[This post is part of a series on Cold Showers. If you don’t see a Table of Contents to the left, click here to view that series, where you’ll get more value than reading just this post.]
Today I’m writing about the value of taking cold showers. Purposefully doing so can change your life more than jumping out of a plane or most other adrenaline-rush activities. You’d be amazed.
You can give yourself life-changing experiences as exhilarating as jumping out of planes or bungee jumping without all the baggage people who do those things have to do. My picture at the top of the page swimming across the Hudson River illustrates how anyone can create inspirational, life-changing activities with minimal effort. Today I’m writing about lowering the bar further.
I don’t have anything against people who get rushes from scary things like jumping out of planes or jumping off cliffs. I’ve parachuted from two planes. The first time, when my friend dragged me with her because her friend dragged her, I expected not to enjoy it but found it incredible, at least enough to do it a second time. That said…
Most adrenaline-rush activities are passive, destructive, and deprive you of the challenge of motivating yourself to do it.
Despite having done a couple of these adrenaline-rush activities, several problems hold me back from the mainstream ones. There are better alternatives for most purposes.
- They are big ordeals removed from your regular life, limiting what they do for you. You usually have to
- Plan around them.
- Travel far for them.
- Pay a lot for them.
- They pollute.
- Flying a plane burns a lot of fossil fuel.
- Driving to get there burns a lot of fossil fuel.
- I love skiing, but running businesses in the snow seems to use a lot of energy and require cutting down a lot of trees.
- They coddle you.
- You have to sign crazy legal forms.
- You have to wear all sorts of safety harnesses.
- You have to do exactly what they say exactly how they say.
- The activities become passive.
- While you physically participate, you don’t actively decide anything once you start. They take care of everything for you.
- They’re expensive.
These activities don’t seem that harmonious with nature. They seem to me contrived — not much different than riding a roller coaster. I like roller coasters. Why not just ride them and save yourself the effort and the risk of fooling yourself that you’re doing something different?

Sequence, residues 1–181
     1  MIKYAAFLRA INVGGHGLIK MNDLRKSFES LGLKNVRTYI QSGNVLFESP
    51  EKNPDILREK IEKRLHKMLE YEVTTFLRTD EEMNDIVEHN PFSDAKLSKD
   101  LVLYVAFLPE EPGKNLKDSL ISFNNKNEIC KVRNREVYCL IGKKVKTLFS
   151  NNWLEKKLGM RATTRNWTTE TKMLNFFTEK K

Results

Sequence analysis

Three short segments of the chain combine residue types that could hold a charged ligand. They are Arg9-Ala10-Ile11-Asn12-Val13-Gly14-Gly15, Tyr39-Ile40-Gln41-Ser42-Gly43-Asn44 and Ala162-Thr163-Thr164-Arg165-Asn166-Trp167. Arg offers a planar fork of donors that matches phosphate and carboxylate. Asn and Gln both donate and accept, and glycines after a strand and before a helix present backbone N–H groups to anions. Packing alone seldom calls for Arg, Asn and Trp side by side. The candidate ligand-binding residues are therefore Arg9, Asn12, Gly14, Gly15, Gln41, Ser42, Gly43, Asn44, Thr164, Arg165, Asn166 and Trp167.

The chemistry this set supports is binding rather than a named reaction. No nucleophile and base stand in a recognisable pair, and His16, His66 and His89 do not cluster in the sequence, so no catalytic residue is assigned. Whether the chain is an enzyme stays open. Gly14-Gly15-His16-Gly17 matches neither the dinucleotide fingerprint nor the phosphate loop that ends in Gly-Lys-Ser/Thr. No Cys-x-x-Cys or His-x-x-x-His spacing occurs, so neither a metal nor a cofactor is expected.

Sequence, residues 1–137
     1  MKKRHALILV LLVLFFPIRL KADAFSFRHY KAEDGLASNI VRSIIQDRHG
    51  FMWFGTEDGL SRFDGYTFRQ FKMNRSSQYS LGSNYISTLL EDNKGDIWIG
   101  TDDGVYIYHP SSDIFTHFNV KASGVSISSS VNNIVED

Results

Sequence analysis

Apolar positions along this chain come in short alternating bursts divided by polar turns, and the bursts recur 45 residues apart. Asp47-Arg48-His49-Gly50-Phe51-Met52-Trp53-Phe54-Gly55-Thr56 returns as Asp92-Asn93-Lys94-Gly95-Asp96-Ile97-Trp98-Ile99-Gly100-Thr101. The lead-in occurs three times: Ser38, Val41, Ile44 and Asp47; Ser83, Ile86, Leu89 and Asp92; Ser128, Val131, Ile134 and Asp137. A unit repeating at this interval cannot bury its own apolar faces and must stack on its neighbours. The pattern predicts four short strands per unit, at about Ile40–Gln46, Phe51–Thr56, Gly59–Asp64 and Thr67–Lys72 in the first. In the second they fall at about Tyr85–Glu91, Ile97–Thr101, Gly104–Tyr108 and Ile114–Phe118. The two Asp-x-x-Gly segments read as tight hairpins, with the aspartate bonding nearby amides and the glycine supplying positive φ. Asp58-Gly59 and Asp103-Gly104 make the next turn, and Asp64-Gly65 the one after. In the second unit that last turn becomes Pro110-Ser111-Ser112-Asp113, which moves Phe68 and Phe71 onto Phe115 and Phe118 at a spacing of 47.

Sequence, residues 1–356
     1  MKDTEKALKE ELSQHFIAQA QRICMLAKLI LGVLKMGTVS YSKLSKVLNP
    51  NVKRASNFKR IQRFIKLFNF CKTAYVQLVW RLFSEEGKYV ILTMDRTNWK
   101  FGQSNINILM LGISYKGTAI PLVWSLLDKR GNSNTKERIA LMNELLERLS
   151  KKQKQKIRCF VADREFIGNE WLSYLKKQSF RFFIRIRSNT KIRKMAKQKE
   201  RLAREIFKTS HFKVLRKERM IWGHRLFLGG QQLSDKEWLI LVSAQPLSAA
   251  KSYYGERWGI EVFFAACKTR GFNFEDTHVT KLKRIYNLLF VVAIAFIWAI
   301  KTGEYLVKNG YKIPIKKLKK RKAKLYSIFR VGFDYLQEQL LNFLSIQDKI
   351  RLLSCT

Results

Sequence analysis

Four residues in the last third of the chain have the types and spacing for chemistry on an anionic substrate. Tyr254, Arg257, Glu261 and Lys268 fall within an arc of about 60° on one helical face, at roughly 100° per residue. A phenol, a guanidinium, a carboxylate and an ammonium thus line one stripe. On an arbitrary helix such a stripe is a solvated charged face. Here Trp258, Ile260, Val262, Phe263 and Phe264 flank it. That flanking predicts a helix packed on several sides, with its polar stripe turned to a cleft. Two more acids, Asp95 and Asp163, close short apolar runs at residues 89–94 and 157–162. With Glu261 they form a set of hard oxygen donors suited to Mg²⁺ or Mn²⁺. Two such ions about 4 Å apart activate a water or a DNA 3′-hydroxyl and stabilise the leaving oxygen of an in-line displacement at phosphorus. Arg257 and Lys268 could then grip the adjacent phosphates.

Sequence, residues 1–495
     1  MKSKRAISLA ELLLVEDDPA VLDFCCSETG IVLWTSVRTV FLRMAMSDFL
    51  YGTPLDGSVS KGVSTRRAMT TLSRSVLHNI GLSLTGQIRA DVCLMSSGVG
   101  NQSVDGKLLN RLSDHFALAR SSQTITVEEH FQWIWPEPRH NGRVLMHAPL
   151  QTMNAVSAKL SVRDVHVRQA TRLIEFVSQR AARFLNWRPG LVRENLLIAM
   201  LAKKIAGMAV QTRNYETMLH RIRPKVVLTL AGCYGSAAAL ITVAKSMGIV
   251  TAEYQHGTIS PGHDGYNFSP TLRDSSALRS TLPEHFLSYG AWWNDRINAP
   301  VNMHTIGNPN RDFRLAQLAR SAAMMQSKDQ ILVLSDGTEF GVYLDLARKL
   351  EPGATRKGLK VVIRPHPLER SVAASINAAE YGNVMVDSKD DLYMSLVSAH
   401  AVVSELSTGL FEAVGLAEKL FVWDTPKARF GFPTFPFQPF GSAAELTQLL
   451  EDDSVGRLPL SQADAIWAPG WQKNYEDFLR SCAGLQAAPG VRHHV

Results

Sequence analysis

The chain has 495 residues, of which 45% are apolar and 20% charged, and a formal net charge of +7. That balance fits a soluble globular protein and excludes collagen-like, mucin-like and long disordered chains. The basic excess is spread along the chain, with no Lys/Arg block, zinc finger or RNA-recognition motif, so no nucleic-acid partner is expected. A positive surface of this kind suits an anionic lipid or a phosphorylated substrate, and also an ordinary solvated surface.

There are better alternatives for most purposes
The big activity that comes to mind as superior in almost every way for most purposes is the one last major skill I want to learn and activity I want to experience: surfing. I can’t say much about it since I’ve only tried twice and both times there were almost no waves. But I think if you live by a beach with great waves and can surf easily, you’re achieving the goals most people shoot for with the adrenaline-rush activities they plan and pay for people to give them, except you do it yourself.
Competitive sports like Ultimate at the national level qualify. Casual pick-up games might, depending on your standards.
Individual sports like rock climbing, gymnastics, and a few others qualify.
Still, it’s hard to get a team together and most people don’t live near great surfing beaches or mountains to climb.
You can simplify and get yet more with almost no effort
But you can do better without making a big deal even if you don’t live near a surfing beach or have a team to join.
Swimming across the Hudson River has none of the downsides I bulleted above, yet gives you the big elements that I think give the value of the adrenaline-rush activities
- You choose to do it.
- You already have all the equipment to do it. Most cities are on bodies of water.
- You risk dying (you can mitigate this risk with friends and boats).
I can’t overstate the importance of your choosing to do the dangerous part as opposed to letting it happen to you.